Never ruin an apology with an excuse

And what’s interesting about apologizing
is that everyone is bad at it.
No one wants to do it,
everybody flinches and holds back.
You put it off, you procrastinate,
you have a conversation with the person
and you just don’t apologize to them.
And you’re like,
“God dammit, why can’t I just apologize to this person?

Michael Schur, creator of The Good Place

It’s so tough to say we’re sorry. We know we have to. It eats at us, we think about it, in our heart we know we’re wrong. But we try to justify, rationalize, deny the existence of the incident and the harm that we have caused or are causing.

And so often it is little things that careen out of control.
Earlier this week, a friend told me a story about a silly parking issue at her small office building where there was confusion about the designation of parking spots. People from another office kept parking in my friend’s spots. The landlord would not do their job. And there were a few verbal scuffles. My colleague received a note that was nasty and unnecessarily harsh about where she parked her car—the author of the note was dead wrong. And then the passive aggressive tension in the parking lot mounted. Not to mention the stress and the enormous waste of emotional energy that spread to the respective teams. Everyone was mad at everybody else. My friend was on her way home the other evening. She was on the freeway, and she saw something flapping on her windshield. She thought it was a ticket or something else. She pulled off the freeway to a gas station and found another note! This one was a very lengthy 100 word letter in a card. A heartfelt, beautifully handwritten apology for the previous note. The letter expressed how wrong they had been about the parking spaces and asked for forgiveness. The author’s name was Grace (really). I love the story. I love the time that Grace took to write a nice letter, no one does that anymore–in cursive. I love that the letter appeared sort of magically on the windshield and could have easily flown off but it didn’t. Most of all I love my friend’s deep appreciation for the letter. She was quite emotional when she read it to me. Not because she was vindicated. That’s not my friend. She was moved by the courage and humanity of the letter. She wished she had that within her. That this moment pushed her to have more grace in herself, more grace for others. It was a moment of inspiration. Grace, the author of the note, was transformed from villainous to virtuous. From menace to mentor.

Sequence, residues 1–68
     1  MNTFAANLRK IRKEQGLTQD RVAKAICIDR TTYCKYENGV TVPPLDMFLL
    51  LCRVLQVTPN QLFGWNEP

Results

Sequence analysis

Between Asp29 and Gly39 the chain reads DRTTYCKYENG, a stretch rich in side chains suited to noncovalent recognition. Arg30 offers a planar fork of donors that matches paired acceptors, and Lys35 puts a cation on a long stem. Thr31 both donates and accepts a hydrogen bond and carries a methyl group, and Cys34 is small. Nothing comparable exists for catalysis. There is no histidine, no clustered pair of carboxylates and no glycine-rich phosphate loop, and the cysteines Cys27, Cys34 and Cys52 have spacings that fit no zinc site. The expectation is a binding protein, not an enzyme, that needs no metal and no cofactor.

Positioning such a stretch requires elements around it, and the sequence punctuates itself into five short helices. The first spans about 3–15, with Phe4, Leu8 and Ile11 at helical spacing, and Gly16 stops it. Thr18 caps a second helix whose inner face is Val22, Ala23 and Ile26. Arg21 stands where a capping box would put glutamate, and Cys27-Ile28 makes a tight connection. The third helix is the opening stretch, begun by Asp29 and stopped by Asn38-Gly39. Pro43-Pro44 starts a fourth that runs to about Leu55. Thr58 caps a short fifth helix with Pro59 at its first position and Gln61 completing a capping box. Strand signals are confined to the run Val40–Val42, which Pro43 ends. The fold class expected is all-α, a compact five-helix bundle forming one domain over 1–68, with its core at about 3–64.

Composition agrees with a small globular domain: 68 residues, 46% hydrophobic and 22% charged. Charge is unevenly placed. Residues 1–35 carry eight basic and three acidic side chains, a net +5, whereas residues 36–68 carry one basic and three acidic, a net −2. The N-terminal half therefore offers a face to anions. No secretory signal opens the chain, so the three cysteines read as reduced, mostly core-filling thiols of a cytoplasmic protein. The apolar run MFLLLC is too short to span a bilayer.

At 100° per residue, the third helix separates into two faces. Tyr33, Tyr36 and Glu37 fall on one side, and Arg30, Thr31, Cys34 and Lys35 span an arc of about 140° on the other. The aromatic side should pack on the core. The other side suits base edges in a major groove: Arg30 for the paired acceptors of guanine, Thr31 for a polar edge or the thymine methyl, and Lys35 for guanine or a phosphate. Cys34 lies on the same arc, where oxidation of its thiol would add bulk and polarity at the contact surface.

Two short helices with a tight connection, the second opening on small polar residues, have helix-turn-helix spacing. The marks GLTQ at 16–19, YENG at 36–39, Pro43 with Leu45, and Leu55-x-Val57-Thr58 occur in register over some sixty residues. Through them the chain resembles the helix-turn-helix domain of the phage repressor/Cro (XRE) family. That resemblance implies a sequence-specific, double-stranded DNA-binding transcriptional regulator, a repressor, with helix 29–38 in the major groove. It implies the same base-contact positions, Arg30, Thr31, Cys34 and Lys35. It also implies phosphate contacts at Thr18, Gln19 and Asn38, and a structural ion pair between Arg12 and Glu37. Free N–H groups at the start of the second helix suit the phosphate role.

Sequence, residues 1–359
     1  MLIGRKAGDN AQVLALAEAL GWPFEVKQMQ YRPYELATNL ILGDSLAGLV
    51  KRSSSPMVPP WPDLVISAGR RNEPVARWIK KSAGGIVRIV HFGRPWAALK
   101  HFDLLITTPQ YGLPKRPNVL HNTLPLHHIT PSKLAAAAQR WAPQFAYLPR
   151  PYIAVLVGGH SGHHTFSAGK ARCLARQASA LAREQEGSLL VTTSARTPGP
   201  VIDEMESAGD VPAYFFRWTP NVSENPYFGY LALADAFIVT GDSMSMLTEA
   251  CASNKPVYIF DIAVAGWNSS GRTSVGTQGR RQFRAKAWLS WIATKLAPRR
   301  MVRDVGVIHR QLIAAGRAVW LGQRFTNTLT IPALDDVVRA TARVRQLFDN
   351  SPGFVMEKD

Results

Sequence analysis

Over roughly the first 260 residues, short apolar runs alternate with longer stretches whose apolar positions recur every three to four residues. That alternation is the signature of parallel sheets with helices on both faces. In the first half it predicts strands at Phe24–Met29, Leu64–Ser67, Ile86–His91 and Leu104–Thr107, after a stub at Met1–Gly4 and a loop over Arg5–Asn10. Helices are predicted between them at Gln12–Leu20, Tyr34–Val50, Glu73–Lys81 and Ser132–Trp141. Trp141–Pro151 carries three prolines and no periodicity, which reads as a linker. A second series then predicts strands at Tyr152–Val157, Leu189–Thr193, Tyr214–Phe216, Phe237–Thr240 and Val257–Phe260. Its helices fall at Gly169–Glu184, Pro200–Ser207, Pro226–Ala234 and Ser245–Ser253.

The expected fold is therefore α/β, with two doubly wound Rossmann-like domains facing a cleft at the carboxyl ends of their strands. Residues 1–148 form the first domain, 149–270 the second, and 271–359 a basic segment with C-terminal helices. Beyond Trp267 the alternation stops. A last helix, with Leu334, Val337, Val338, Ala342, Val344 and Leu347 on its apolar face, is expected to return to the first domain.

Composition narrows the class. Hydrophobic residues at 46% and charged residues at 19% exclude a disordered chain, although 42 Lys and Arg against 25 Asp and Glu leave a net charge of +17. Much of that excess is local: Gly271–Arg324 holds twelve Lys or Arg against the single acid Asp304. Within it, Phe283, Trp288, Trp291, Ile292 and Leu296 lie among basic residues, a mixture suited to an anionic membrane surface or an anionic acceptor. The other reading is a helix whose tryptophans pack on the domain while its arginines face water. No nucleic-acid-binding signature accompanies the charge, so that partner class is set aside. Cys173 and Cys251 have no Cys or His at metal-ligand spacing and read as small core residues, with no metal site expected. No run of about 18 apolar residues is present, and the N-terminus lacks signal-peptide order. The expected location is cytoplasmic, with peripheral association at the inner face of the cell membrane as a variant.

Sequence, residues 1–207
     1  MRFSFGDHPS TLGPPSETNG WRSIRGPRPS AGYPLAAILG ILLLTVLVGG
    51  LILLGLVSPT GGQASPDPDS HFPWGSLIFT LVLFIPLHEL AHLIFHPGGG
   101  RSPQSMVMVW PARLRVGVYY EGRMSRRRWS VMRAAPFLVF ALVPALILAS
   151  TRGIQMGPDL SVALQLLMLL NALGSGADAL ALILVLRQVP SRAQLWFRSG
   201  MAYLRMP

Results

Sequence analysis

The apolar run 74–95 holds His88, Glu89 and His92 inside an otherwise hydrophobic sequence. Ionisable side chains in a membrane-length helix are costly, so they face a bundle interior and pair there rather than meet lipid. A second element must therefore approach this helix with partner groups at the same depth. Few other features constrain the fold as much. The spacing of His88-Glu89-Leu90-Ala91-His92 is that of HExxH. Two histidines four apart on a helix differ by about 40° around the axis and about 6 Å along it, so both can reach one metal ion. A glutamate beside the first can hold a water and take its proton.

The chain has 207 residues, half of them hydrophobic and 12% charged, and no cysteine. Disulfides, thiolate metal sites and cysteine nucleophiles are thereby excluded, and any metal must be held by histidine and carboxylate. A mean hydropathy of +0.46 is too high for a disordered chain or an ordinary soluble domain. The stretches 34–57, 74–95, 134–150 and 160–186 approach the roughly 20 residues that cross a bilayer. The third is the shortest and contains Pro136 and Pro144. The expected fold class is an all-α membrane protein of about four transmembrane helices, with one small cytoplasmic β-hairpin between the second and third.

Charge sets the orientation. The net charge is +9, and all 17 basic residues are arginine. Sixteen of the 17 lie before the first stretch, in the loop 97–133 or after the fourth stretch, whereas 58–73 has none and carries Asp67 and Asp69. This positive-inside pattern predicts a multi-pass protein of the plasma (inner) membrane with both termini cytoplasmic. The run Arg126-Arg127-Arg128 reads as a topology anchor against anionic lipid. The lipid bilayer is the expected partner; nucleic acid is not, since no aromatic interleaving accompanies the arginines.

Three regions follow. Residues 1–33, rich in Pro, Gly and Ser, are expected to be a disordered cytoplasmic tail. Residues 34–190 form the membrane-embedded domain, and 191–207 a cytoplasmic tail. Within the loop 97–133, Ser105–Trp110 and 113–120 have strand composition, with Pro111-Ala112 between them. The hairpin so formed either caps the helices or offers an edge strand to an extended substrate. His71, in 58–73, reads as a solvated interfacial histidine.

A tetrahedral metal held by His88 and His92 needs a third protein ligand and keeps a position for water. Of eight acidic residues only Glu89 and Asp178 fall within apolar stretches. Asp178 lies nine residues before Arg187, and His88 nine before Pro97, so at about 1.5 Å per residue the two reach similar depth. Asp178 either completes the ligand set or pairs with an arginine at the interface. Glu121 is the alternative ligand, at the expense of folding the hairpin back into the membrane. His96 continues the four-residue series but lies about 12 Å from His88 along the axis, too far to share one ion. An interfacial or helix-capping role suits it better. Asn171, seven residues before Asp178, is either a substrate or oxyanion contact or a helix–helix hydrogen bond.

I predict a great friendship will emerge……….
We underestimate the power and benefits of a proper apology. The great gift of opening one’s heart,  connecting to another and mending a wound.
This story moved me too. To redouble my efforts to be a better human. I truly want to do less harm. Be more authentic. Be more vulnerable.To take responsibility for what I do and say.
I don’t think I’m succeeding at even fifty percent, at being that person. So hard. But I think I’m better than I used to be. It is really a work in progress that takes empathy, effort, and self-effacement.  
The ego, my ego, is so brutally stubborn.
My default behavior and human behavior in general, follows a set of defensive complex neural and behavioral practices to avoid saying we are sorry. A self-gaslighting process of sorts. We will manipulate the facts to escape culpability.
Blind denial. It does not exist. It is so insignificant and meaningless. Zero awareness of the incident. Zero responsibility.

Reframe. The problem is something else, mis-characterized. Classic reframes: It was just a joke. They started it. They owe me an apology.
Authoritative Dissonance. Power and hierarchy provide a rationale for behavior that is wrong and hurtful. I have power over you and therefore you have to take it.
Never ruin an apology with an excuse. Benjamin Franklin
Randy Pausch advised that real apologies have three parts:
1) What I did was wrong.
2) I feel badly that I hurt you.
3) How do I make this better? 
When we know we are wrong. We know and it eats at us. We know we have to make it right. We know we have to apologize. To take our lumps. To grow up. To strengthen our bonds and relationships. To free ourselves from the burden of being less than we can.

To be redeemed and to redeem others. 
Not to mention the massive ripple effect it has on the witnesses. On our children. On our colleagues. On our parking lot attendants. 

Reach out to make the apology. 
Look into their eyes, have the conversation or write a heartfelt letter.
Do it now. Say you are sorry.
I promise, behind this act of courage, we will find Grace.

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